1874 — Coming Of Alfred Dolge

From 1830 to 1874 a tannery and several smaller manufacturing establishments operated here, practically all of which had ceased work when Alfred Dolge came to the place in 1874, prospecting for spruce wood for piano sounding boards. Dolge was then located in New York as an importer of piano materials.

Alfred Dolge purchased the tannery property and, in April, 1875, began manufacturing operations which later developed into felt mills, and felt shoe, piano case, piano sounding board, piano hammer factories and lumber yards. Various factory buildings were erected, including the handsome big stone factory (264x64 feet and four stories high). Dolge bought 30,000 acres of Adirondack woodland and introduced electric light into his lumber mills in 1881 (in the village in 1887).

In 1881, by a unanimous vote the village changed its name from Brockett's Bridge to Dolgeville. The population had grown from 325 in 1875 to about 1,500. Many dwelling houses were built and Dolgeville was a "boom town," but built on a solid basis.

In 1887 Mr. Dolge bought the Reuben Faville farm on the east side of the creek, including the picturesque High Falls of the East Canada. Dolge laid out 500 acres of this land as a park and presented this picturesque and beautiful place to the people of Dolgeville. The land here rises to a height of 1,020 feet sea elevation.

Dolgeville Incorporated, 1891

Dolgeville was incorporated in 1891 with Alfred Dolge as president. Mr. Dolge took an advanced position with regard to both his industries and the village. He established a progressive newspaper and aided in creating a splendid system of schools. In 1890 there were over 850 employes working in the Dolge and other village industries. In 1892 the Little Falls and Dolgeville Railroad was built.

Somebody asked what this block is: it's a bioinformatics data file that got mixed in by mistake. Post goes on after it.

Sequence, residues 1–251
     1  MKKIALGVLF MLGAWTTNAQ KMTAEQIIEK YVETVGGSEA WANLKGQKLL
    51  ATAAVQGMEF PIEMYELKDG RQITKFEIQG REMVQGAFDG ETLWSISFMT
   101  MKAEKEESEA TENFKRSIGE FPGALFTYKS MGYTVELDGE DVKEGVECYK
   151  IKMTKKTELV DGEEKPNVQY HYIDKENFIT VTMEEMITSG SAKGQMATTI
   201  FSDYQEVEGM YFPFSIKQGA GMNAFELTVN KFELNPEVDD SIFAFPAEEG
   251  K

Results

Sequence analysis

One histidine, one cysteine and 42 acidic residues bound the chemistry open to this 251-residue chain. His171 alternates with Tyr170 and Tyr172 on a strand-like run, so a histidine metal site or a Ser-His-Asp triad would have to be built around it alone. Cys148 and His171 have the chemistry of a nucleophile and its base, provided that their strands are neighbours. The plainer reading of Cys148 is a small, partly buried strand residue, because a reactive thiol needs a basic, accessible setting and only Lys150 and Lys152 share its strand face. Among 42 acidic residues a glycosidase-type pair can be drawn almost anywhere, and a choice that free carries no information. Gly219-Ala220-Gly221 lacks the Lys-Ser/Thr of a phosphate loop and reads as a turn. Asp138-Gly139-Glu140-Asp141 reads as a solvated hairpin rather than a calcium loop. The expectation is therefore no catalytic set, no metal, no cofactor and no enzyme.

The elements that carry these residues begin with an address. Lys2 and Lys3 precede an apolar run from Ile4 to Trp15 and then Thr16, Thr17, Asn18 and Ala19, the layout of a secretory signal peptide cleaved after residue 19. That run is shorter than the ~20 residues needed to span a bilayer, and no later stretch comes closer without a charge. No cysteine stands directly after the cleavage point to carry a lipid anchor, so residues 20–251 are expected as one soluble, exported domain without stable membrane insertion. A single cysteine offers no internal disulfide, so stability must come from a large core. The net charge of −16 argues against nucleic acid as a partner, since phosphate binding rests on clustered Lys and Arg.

First Mohawk Valley Hydro-Electric Plant — 1897

[Photo: High Falls, East Canada Creek, Dolgeville]

In 1897 the first hydro-electric power plant in the Mohawk Valley began operations in Dolgeville. This is now the High Falls plant of the Utica Gas and Electric Company, which generates 2,000 h. p. See "Chapter 132 — Hydro-Electric Development in the Upper Mohawk Valley."

From the start of his industrial operations Mr. Dolge established an "Earning Sharing" system for his employes — a plan combining insurance, endowment, pension funds and a sick fund and mutual aid society. The amount of insurance carried by the Dolge firm for its employes was $200,000 in 1892.

Financial difficulties involved Mr. Dolge in 1898 and, after his withdrawal from business here, he removed to California. Mr. Dolge died in January, 1922, at Milan, Italy, while on a trip around the world. The record of his wonderful local business development and social and industrial activities gives Alfred Dolge a position in history among the big men of the Mohawk Valley.

After a depression the village has come back and is moving ever forward as a modern, progressive industrial community with the highest American ideals. The story of the creation of this modern town from an Adirondack hamlet is one of the industrial romances of the Mohawk Valley.

Dolgeville manufactures felt shoes and slippers for the sons and daughters of Uncle Sam from little tots to the old folks — also leather shoes, piano backs and sounding boards. There are important hydro-electric plants at Dolgeville and Inghams Mills and at Sprite Creek, about 9 m. n., all on the East Canada Creek. There are important lumber interests and industries at and northward of Dolgeville, in the East Creek Valley.

Beautiful Spruce Lake, 6 m. n. w. of Dolgeville and 12 m. airline distance n. Mohawk River, is one of the most southerly Adirondack lakes and a favorite recreation ground of Dolgeville and Little Falls people.

The East Canada Creek and Its Water Power Development